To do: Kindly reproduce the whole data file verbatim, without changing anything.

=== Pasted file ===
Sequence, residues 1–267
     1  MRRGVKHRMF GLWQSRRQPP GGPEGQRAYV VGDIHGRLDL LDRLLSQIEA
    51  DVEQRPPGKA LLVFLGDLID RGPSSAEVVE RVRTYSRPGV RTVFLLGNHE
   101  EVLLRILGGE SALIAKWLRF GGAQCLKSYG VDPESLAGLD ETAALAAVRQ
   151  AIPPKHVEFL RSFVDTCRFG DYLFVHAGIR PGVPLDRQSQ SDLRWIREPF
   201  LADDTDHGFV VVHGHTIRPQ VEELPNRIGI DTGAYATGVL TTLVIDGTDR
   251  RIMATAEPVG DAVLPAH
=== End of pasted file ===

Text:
Sequence, residues 1–267
     1  MRRGVKHRMF GLWQSRRQPP GGPEGQRAYV VGDIHGRLDL LDRLLSQIEA
    51  DVEQRPPGKA LLVFLGDLID RGPSSAEVVE RVRTYSRPGV RTVFLLGNHE
   101  EVLLRILGGE SALIAKWLRF GGAQCLKSYG VDPESLAGLD ETAALAAVRQ
   151  AIPPKHVEFL RSFVDTCRFG DYLFVHAGIR PGVPLDRQSQ SDLRWIREPF
   201  LADDTDHGFV VVHGHTIRPQ VEELPNRIGI DTGAYATGVL TTLVIDGTDR
   251  RIMATAEPVG DAVLPAH